The Guardian 18 May, 2005

Culture and Life

by Rob Gowland

Bushed by history

Macabre spectacle of the month was surely the sight of the Russian army commemorating 1945’s victory over fascism with a parade in Red Square watched by a grinning George W Bush!

Bush, simultaneously rat cunning and pig ignorant, does not let his ignorance prevent him from lecturing the rest of the world at the drop of an autocue. On route to Moscow, Bush delivered pearls of wisdom about European history to the people of Riga, the capital of Latvia.

According to Bush, the socialist period in Eastern Europe (which Bush called “the captivity of millions in central and eastern Europe”, of course) was “one of the greatest wrongs of history”. That seems a statement of breathtaking inanity until you realise he is talking from the perspective of the owners of factories, banks and mines, for whom the loss of “their” property for 40 or so years was definitely a “crime”.

I am sure Bush views it as a crime — probably against both nature and God. Especially God.

Latvia was the appropriate place for Bush to make his remarks. Its neo-fascist President Vike-Freiberga has enthusiastically led her country into NATO and is demanding that Russia “apologise” for the 45 years of socialism in the Baltic states.

Bush took the opportunity of the commemoration of the war-time anti-fascist alliance to repeat the now-common US smearing of that alliance: the 1945 Yalta Conference “sacrificed freedom for stability” and delivered Eastern Europe into the “iron rule of [the Soviet] empire”.

The Yalta Conference between Stalin, Roosevelt and Churchill sealed the fate of Nazi Germany and endeavoured to prevent a re-armed Germany from threatening the peace of the world again.

Bush’s view of the Yalta Conference is certainly not the way it was seen at the time. In Garson Kanin’s splendid 1945 documentary The True Glory, a shot of the three leaders meeting in Yalta is accompanied by the commentary, “The architects of freedom meet”. Anti-fascists and objective historians still see it that way today.

It was Churchill and the new US President Truman who could not even wait for the War to end before reneging on their commitments and launching a new anti-Soviet offensive, the Cold War (the war you have when your people won’t let you actually have a war). Churchill, of course, had been the architect of the very similar post-WW1 anti-Soviet blockade he christened the “Cordon Sanitaire”.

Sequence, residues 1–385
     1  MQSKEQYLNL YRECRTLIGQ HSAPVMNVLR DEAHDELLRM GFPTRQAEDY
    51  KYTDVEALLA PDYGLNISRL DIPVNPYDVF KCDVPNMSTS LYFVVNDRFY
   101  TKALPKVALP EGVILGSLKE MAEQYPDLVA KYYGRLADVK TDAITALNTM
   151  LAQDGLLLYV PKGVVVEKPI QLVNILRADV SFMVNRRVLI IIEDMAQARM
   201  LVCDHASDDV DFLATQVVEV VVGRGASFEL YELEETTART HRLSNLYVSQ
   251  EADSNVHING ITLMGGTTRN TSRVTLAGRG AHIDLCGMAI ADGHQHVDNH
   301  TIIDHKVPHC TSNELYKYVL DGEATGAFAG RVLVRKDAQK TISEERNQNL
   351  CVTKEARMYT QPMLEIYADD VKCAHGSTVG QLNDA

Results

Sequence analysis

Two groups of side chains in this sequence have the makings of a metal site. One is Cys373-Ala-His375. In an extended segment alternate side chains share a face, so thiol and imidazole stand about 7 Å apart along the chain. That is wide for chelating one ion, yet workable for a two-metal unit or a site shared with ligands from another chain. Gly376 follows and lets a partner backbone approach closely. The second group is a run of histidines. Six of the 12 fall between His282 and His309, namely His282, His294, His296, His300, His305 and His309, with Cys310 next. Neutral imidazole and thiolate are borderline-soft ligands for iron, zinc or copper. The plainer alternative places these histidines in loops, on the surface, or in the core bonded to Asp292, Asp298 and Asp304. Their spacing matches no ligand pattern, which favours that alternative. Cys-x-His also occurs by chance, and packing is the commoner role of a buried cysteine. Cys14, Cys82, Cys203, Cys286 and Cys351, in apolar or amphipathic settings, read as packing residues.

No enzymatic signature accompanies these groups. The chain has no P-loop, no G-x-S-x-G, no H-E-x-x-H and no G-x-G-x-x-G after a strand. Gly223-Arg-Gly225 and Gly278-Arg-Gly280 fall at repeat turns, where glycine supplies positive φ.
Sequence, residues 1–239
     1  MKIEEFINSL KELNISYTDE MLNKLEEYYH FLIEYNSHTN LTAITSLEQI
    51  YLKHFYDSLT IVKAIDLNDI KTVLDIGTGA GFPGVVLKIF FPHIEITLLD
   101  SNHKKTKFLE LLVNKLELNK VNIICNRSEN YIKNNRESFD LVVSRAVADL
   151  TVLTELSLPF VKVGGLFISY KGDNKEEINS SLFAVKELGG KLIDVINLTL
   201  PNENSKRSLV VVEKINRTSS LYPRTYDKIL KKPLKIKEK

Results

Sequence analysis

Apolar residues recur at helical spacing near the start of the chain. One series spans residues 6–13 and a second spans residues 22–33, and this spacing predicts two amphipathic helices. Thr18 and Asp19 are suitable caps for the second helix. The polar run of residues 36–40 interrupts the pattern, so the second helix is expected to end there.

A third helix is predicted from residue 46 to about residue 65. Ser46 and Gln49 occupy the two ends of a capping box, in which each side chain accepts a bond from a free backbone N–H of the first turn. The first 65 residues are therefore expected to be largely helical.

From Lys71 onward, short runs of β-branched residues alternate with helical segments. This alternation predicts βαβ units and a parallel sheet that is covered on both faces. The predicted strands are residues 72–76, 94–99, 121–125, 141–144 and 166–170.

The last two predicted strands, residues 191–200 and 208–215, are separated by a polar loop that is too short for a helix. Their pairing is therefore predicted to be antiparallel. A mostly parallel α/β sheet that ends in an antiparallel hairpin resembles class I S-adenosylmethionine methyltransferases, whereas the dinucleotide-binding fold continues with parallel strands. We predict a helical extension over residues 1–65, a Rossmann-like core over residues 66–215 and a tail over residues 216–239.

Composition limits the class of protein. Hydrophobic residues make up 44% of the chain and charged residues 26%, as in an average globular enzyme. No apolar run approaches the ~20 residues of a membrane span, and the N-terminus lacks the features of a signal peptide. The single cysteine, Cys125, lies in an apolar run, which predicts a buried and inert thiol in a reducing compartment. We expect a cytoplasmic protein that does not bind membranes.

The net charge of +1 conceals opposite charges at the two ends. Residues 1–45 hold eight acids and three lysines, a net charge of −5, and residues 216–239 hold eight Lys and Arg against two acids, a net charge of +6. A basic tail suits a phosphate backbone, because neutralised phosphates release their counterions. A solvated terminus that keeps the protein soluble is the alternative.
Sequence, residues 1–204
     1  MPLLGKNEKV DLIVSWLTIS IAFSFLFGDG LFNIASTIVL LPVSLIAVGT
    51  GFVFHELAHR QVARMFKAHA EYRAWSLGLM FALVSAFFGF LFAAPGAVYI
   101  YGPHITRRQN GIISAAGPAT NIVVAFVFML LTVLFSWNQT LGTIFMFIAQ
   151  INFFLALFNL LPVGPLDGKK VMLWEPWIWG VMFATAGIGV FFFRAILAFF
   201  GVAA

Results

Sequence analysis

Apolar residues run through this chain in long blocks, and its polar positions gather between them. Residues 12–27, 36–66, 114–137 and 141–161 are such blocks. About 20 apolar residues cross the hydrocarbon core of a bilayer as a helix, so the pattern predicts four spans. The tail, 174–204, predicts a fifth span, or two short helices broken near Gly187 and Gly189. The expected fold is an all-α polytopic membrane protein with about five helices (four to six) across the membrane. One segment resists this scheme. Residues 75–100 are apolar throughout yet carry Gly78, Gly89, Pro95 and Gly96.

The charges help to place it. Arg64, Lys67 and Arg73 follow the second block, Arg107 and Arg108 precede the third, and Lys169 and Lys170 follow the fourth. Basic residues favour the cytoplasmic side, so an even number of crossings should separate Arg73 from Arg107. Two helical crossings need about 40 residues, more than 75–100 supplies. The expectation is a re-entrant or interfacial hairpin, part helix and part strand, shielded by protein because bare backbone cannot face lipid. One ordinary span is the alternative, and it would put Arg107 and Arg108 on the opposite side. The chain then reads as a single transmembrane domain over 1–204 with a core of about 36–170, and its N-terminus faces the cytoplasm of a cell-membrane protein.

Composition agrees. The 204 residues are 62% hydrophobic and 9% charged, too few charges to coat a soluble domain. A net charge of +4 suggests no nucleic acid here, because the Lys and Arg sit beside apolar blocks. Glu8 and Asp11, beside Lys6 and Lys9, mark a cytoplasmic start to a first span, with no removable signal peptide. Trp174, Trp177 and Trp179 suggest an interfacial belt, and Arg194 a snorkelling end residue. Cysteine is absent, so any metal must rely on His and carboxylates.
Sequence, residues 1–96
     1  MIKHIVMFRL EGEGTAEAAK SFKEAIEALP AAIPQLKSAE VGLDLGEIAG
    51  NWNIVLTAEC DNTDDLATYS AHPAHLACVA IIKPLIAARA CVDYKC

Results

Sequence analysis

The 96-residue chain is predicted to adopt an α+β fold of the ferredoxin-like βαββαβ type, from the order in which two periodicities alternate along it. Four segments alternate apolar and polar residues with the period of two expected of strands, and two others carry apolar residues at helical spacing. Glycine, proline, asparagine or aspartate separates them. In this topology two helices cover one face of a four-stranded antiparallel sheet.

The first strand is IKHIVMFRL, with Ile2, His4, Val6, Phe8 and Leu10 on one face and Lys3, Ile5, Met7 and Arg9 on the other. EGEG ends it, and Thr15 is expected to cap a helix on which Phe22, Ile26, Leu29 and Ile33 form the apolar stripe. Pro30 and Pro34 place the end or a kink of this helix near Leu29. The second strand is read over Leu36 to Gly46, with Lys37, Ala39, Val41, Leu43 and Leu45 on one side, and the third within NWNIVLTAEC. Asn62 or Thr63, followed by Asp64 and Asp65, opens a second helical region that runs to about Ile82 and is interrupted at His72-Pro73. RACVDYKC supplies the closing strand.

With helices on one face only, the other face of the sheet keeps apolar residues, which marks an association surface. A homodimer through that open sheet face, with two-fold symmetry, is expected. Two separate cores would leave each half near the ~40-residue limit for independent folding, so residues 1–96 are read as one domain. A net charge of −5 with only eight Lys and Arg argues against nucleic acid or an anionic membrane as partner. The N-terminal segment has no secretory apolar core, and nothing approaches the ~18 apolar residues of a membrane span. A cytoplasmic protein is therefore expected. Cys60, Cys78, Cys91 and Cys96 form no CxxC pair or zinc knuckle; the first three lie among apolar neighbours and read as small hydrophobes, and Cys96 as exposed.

In slandering not only the Soviet but also the Roosevelt government over Yalta (a favourite line of right-wingers in the US since the McCarthyist period), Bush had the gall to imply that the Yalta Conference was equivalent to the infamous Munich agreement: “Once again, when powerful governments negotiated, the freedom of small nations was somehow expendable”.

This from the leader of a country which no longer even bothers to negotiate, it just invades, brushing “the freedom of small nations” aside like empty beer cans.

To his credit, Russia’s President Vladimir Putin rejected the call for an apology, pointing out that the Red Army liberated eastern Europe. “Our people not only defended their homeland, they liberated eleven European countries”, he said.

Predictably, Vike-Freiberga maintains that the Russians are “lying through their teeth”. It is apparently simply too galling for Baltic anti-Communists to admit that in 1941 there were free and fair elections in the Baltic States and the three countries voted to become full Soviet republics.

As the Internet commentator Bart says, “this is hardly surprising, considering the times and the circumstances. First the countries had large ethnic Russian populations and strong fraternal and social connections from the pre-1917 days when they had been part of Imperial Russia.

“Secondly, all three countries had large, active local Communist parties and thirdly, even though Britain and France were now at war with Nazi Germany, they had totally abandoned the Baltic states to the coming Nazi onslaught and were in fact still openly encouraging Hitler to return to his stated goals of moving eastward and of ‘ridding Europe of Bolshevism’.

“Someone is ‘lying through their teeth’ all right, but it’s not the Russians.”

The pre-war anti-Communists in Latvia, Estonia and Lithuania collaborated enthusiastically with the Nazis, and provided the most vicious members of punitive detachments (attacking the Communist-led partisans) and concentration camp guards.

Bush, of course, was not really interested in WW2 or anything as unnatural as an anti-fascist alliance. He simply used the anniversary to get up to his usual tricks, calling for “free elections” in Belarus.

President Alexander Lukashenko of Belarus is what Bush would probably call a “hardliner”. Certainly Lukashenko has previously called for the re-establishment of the Soviet Union, something calculated to get right up the nose of that lover of liberty George Bush.

Displaying his usual monumental arrogance, Bush actually went on record “ruling out” any “deal” between Russia and Belarus that would “allow” President Lukashenko to remain in power. Surely that is a matter for the people of Belarus?

But as we know, Bush only accepts as “free”, those elections that result in victory for people he approves of.

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